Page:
6. How neat! I wasn’t really familiar with salt dips. I need to ask my mom if she has any, as her house is loaded with antiques. I remember reading about the invalid feeders in Netherfield Park Quarantined but I wasn’t sure at that time what one might look like.

    Thanks for sharing with us! 🙂

  7. Great personal history. Did you have a Hoosier cabinet in your home growing up? Things I got rid of that my mother had after she passed away at almost 96 years of age, my daughters now go antiquing and started their own collections. One collects depression cookie jars and the other collects hammered aluminum trays,etc. I started a collection of Nutting photographs. Looking back is great fun.

    • It is fun. We have a pie safe that is huge, with 3 shelves and the walls and doors of it have the tin type metal with the holes poked in designs. That allowed the air to circulate while the pies and breads cooled, yet kept the bugs away.

  8. What fascinating information you’ve shared! I too was only vaguely familiar with salt dips, understanding the purpose, but having no idea exactly how they were used or what they might look like. Of course, the part of me that gets the “I wanty-wants” must now possess one! (Next stop, eBay!)

    My first thought when I saw the photo of the invalid feeders completely illustrates the point of how we might mistake what something actually is. The reference to salt in the blog title and the text on the cover image reinforced my first impression and I thought to myself “I had no idea they used Neti-pots back then!” Now that I know what they really are, I’m chagrined that I didn’t know that! At least I can say that my “you learn something new every day” has been taken care of for today.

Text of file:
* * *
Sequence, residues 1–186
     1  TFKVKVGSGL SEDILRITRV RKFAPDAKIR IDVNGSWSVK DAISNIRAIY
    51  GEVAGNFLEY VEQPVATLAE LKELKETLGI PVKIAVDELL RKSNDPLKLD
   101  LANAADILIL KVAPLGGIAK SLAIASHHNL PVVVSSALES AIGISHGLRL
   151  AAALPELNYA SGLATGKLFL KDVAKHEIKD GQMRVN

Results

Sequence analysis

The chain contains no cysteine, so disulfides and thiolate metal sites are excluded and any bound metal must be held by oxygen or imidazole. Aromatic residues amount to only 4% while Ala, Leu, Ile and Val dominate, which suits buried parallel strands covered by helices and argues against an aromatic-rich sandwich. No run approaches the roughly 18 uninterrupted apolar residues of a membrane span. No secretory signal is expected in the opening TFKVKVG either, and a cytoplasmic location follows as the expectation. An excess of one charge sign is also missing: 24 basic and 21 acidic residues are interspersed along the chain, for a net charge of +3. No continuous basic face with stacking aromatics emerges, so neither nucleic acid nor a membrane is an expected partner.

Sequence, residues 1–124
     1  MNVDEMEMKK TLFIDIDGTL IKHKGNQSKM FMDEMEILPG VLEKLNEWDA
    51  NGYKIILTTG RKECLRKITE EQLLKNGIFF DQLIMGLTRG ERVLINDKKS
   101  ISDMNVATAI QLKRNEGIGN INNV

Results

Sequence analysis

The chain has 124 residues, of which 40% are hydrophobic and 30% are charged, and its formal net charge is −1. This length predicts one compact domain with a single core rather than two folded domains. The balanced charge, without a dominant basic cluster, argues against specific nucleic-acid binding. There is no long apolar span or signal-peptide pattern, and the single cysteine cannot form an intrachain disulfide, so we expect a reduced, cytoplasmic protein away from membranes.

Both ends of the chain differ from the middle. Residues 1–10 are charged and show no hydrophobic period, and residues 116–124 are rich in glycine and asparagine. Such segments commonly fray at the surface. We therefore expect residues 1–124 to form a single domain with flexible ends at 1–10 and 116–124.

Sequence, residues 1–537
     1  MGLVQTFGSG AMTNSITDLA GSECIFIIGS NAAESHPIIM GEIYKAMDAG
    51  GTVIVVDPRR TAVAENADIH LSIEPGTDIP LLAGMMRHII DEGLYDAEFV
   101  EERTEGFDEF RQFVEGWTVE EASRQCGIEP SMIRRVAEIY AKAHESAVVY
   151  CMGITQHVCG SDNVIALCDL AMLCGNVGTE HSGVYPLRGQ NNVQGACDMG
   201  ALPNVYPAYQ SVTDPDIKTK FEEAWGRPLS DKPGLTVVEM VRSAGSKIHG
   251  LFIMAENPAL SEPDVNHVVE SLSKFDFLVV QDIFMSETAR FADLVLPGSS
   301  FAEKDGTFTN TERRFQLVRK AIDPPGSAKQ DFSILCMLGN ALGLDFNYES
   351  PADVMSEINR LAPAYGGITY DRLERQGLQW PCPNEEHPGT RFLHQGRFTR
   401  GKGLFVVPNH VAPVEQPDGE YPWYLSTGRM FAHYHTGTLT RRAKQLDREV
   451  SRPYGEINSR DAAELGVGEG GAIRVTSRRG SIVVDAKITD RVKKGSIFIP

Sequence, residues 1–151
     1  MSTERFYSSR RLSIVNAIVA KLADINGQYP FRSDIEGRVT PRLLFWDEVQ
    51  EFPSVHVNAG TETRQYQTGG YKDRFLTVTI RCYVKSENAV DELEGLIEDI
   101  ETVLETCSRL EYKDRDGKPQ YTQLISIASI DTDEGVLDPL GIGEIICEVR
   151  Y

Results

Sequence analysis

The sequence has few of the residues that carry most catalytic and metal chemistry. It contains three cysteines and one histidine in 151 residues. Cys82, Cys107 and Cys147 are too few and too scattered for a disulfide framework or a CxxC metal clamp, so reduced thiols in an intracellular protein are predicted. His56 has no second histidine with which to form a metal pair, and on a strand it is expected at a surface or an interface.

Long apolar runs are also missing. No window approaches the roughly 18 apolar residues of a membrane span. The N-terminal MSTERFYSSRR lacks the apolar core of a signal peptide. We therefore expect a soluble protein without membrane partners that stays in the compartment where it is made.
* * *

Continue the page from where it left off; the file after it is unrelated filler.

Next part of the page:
• Some of the invalid feeders had the handles on the sides rather than the ones shown. It is fun to learn and I know what the “I want” is like. I have found the salt dips on ebay.

  9. I LOVE history, especially the little known or weird things. This was a semi-new one for me. I have seen the phrase “salt dip” but hadn’t investigated further. Thanks for the enlightenment!

    It is always strange to me how many of the simple facts of life we take for granted — such as salt in a shaker — that didn’t exist in the not-so-distant past. Remarkable! And a challenge when writing a historical novel. Now I am racking my brain for if I ever had Darcy or some other character shake salt onto something. Yikes!!

    🙂 Great first post, Melanie. We are delighted to have you with us.

  10. I will have to see if I have any salt dips around the house. I have antiques everywhere. Many still in every day use. Some were handed down from my husband’s family (my fatherinlaw had a repair/refinish antique business) I married and took to antiques like a duck to water. I have many collections and my favorite thing to do is go antiquing. My dream is a bigger house…there are some things I want to bring home that just won’t fit.Lol. I think it all goes well with my love of the JaneAusten era. You can bet I will be keeping my eye out for salt dips now. What a wonderful connection with your grandmother. Lovely post. I will keep my eye out for your new book.